Click here to register for this course

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Intrac Online M&E Course

Orla is delighted to be training one the forthcoming Intrac Online M&E Course, which is now open for registration. Further information available here.


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Learning co-ordinator “I define me”

I’m really pleased to be collaborating with the Cape Town based consultancy Southern Hemisphere to provide learning support to projects in South Africa, Columbia and the UK, focused on empowering young women to move away from gangs. One of the projects I’m supporting is even on my doorstep: cycling rather than flying to meet clients is a rare treat!


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Free Theory of Change webinar



Date: Thursday, December 15th, 2016

Time: 9am CST / 10am EST / 3pm GMT / 4pm CET

Duration: 1 Hour

Dear webinar registrant,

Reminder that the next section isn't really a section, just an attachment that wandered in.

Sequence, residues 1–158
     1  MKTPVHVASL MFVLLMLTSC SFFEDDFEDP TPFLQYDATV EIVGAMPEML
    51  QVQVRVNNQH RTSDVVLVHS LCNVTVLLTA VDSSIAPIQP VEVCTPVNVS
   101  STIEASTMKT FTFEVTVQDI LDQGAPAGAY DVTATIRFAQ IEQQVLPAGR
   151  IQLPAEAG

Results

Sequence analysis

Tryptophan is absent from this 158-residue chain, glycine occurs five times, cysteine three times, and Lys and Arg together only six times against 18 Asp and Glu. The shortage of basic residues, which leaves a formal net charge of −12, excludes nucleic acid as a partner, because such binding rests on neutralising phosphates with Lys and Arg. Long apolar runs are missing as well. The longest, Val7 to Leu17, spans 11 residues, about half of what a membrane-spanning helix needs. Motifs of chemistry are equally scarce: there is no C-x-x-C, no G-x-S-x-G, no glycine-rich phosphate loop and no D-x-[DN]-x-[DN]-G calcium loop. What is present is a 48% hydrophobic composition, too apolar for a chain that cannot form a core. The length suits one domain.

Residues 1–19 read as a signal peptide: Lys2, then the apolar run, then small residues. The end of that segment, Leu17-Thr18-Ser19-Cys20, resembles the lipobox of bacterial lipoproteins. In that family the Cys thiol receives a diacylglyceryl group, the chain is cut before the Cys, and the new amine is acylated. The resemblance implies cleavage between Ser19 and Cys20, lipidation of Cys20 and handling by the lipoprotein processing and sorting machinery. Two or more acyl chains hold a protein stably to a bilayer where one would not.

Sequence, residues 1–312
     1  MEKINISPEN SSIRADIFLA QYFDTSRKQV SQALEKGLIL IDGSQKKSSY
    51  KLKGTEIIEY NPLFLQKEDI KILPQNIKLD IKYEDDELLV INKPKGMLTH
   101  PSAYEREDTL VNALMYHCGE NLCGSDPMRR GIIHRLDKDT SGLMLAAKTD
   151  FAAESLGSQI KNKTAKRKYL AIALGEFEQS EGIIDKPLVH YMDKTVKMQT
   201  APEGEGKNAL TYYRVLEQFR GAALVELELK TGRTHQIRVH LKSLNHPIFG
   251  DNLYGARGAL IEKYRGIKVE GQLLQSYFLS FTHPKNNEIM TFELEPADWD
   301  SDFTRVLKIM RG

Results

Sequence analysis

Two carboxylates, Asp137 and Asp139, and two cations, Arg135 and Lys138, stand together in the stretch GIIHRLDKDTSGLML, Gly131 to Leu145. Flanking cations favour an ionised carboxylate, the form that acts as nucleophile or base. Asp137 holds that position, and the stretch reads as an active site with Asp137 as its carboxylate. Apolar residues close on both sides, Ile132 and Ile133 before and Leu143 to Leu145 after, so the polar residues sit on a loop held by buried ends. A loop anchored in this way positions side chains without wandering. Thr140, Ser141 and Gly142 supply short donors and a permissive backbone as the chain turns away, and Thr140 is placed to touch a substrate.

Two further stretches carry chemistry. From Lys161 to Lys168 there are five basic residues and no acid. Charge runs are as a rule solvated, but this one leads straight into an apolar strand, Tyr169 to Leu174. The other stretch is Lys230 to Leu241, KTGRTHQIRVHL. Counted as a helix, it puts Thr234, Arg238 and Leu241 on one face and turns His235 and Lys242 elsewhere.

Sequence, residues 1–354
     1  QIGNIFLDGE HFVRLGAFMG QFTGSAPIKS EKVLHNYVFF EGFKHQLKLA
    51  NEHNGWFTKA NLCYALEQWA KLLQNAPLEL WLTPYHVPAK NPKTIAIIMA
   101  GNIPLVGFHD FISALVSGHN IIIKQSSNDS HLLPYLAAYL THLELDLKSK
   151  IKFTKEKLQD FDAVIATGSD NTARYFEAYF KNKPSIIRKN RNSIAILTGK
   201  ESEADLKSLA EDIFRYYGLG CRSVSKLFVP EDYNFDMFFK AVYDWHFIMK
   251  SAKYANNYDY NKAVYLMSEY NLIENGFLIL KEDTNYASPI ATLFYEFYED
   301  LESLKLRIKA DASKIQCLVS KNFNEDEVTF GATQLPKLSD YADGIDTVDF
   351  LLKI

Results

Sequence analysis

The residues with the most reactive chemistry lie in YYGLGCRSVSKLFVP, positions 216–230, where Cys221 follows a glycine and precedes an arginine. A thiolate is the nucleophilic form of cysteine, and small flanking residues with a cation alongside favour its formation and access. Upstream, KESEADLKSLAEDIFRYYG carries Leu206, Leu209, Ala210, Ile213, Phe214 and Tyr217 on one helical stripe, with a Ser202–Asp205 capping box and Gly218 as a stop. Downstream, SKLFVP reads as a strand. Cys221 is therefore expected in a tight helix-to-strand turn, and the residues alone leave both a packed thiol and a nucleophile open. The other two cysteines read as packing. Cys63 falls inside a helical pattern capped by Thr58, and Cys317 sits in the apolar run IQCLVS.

Thanks for registering for Wednesdays How to create a powerful and ‘best in class’ Theory of Change webinar.

In this webinar you will learn:

  1. What makes a powerful and compelling Theory of Change
  2. Top tips on how to create a Theory of Change, including free tools and resources to take away
  3. How learning communities can help you to develop a ‘best in class’ Theory of Change

The webinar will also create the opportunity to connect with other similar organisations that have developed or are in the process of developing, their Theories of Change.

The event joining details follow below:

Event number: 849 183 611

Event password: TOC1


To join the online event


  1. Click here to join the online event.

Or copy and paste the following link to a browser:


  1. Click “Join Now”.


To join the audio conference only